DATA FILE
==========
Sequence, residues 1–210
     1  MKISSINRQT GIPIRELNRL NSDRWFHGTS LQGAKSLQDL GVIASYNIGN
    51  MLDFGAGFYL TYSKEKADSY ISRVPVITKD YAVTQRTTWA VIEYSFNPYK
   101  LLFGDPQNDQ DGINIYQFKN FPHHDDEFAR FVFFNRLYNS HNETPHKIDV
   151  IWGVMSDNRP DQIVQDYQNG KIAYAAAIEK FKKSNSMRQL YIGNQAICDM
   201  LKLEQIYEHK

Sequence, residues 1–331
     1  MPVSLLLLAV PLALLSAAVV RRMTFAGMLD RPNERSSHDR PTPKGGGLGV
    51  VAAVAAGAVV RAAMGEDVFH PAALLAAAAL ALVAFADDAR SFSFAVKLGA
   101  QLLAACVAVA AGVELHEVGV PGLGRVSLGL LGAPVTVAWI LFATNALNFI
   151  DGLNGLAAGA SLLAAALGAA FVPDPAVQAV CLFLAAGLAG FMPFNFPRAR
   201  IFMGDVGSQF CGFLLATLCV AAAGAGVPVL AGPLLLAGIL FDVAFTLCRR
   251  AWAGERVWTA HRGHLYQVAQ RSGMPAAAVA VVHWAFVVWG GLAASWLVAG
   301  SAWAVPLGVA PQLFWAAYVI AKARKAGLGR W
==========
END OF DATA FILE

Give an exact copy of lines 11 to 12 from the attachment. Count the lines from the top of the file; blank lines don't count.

   151  DGLNGLAAGA SLLAAALGAA FVPDPAVQAV CLFLAAGLAG FMPFNFPRAR
   201  IFMGDVGSQF CGFLLATLCV AAAGAGVPVL AGPLLLAGIL FDVAFTLCRR